Banning, censoring–controversial terms that create a myriad of reactions. When books or the authors of books come into question, often the reaction is to pull, box up, and cleanse in the name of protecting young minds and upholding values. This is can become problematic.

At the public library level the response I usually observed was to ride the tide–if patrons objected to the material they had the option of not checking it out. Simple and neat. As one librarian noted: considering Hitler’s atrocities against humans should Mein Kampf remain on the shelf? If you don’t want to read hi as book, then don’t.

Somehow this philosophy of ignore and move on changes when it comes to material found on school library shelves. Social commentary and opinion frequently challenge books based on content, as To Kill a Mockingbird, Huckleberry Finn, Fahrenheit 451 and other novels fall under scrutiny depending on public mood and cultural times. Yet, this new round of challenging is based on the behavior and actions of the authors, not the content of their books. Their objectionable behavior is in question, as rightly it should be, especially in these times of sensitivity upon the rights of individuals. Young readers aren’t necessarily going to be politically minded when they go to select a book to read. But their parents often are. 

I find it interesting that distance tends to soften outrage. Charles Dickens led two lives, all the while perpetuating Victorian values of domestic happiness, yet we embrace his books and promote them in our literature courses. Oscar Wilde was jailed for his preferences, and his books are not abandoned. Ernest Hemingway, well-known for his womanizing, is still part of the recommended literary canon. 

For me, as a teacher with a librarian’s directives, who is also a writer, I am reflecting on the responsibility I have as I recommend books to my students and as I write them. The #metoo movement, as it drifts over to the literary world, is certainly setting up a new awareness of the impact of words. 

What are reader thoughts on pulling books from shelves in light of the conduct of the authors?

Reading Round Up: March


Salt to the Sea by Ruta Sepetys

Image: Barnes and Noble

War books are difficult to read. There is rarely a good side to war, no matter how well the story is written. With this knowledge then, with some reluctance, I began reading Salt to the Sea as I knew a WWII story would have tragedy and travail. Yet, the story starts with a strong hook and its hypnotic four person viewpoint narrative continues throughout, making it a compelling read about the worst maritime disaster in history. Surprisingly, good manages to surface in the horror that pervades in this aspect of war.

The story centers on the evacuation efforts of those fleeing Russian soldiers. Thousands escape with barely any belongings in hope of finding refuge on ships. The main focus is on the Wilhelm Gustloff, which carried 10,000 refugees on board. It’s amazing that a loss of over 9,000 lives has not had more attention. Almost half of those lost were children. This is a story of four lives and their perspective. Riveting to the end. The historical detail is commendable. A solid five star read.

Historical Background
The Summer Before the War by Helen Simonson

Image: Amazon

At times the book had the feel of a PBS series, the detail and characterization being so colorful and descriptive, ready for adaptation. This is not a complaint; however, a book of nearly 500 pages does contain a bit of hefty plot making and detail. It’s as if it wants to become a series. The book is not so much a war story as it is a study of England and its people before war irrevocably altered a way of life.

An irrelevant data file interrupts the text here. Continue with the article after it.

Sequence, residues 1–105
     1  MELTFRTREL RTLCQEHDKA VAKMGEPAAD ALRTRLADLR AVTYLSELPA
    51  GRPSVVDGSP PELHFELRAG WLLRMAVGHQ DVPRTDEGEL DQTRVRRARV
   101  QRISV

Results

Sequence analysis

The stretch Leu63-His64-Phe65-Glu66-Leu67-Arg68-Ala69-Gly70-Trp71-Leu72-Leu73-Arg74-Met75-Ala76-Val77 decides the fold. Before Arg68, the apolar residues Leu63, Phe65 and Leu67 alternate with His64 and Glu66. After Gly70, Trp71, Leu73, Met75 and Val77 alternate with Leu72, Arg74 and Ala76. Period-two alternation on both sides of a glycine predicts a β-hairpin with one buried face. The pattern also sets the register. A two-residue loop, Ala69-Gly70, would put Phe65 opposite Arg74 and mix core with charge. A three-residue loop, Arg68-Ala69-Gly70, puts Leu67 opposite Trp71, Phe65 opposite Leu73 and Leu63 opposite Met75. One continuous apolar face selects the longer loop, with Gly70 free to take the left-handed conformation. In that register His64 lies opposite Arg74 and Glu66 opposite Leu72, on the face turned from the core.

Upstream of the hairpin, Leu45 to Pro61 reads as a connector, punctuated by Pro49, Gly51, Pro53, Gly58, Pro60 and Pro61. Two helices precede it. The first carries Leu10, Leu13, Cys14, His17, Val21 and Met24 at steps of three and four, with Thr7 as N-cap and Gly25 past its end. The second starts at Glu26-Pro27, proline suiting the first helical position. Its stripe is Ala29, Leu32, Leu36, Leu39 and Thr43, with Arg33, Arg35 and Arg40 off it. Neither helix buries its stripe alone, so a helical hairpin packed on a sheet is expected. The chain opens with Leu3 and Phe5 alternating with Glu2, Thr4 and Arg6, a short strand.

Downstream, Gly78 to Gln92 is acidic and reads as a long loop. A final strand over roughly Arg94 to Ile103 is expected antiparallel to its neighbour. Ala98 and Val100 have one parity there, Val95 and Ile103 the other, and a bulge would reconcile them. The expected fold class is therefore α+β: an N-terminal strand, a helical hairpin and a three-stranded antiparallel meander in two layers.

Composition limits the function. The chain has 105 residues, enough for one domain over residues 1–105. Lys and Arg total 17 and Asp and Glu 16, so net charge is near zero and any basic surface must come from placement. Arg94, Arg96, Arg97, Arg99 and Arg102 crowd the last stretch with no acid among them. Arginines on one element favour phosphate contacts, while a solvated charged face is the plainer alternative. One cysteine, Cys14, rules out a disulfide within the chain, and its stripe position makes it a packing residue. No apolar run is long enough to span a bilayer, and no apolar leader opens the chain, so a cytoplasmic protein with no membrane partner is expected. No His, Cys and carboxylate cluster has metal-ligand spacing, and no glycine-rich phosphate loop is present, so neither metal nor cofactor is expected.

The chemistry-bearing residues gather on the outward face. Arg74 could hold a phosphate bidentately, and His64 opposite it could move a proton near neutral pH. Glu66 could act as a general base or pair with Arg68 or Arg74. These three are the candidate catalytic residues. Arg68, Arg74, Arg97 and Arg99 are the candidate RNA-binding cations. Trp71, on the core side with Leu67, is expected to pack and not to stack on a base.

Told from various character experiences, a reader senses the summer before the Great War to be one never seen again in England.  The warmth of friendships, the comfort of routine, and the pace of English country life is laid before the reader in welcome detail, so when war does arrive the shock is truly felt.

Beatrice, Hugh, Aunt Agatha, Mr Tillingham and the other characters of Helen Simonson’s second novel are admirably portrayed, as is the setting and the various subplots. Sometimes it felt a bit much, as in a bit too much detail. The over-length of the story contributed to the four and a half star rating–a hundred pages of exposition trimming would have helped to keep attention on the story instead of on the extra particulars. Colorful details, while appreciated, can become distracting if overdone.

All American Boys by Jason Reynolds and Brendan Kiely

Image: Amazon

Told from two perspectives, All American Boys, tells the story of police brutality, from that of the victim and of a witness. And it gets complicated. White cop, black teenage kid. White witness, friends with the cop and his younger brother. Loyalties are tested. Lines drawn at school. Choices are made.

The authors provide a realistic account of a situation happening too often across the country. What could have added to the story, ends up watering down the impact, as there is also a weak account of the police officer’s viewpoint, although it seems added in to only offset the difficulty of the situation. Being a police officer is difficult. Another character emphasizes the tough split-second decisions officers must make that can result in permanent consequences. The interjection of the police officer in question inadvertently comes off as him being menacing. It might have been better to hear his full his viewpoint to add the perspective of the police officer along with the victim and the witness.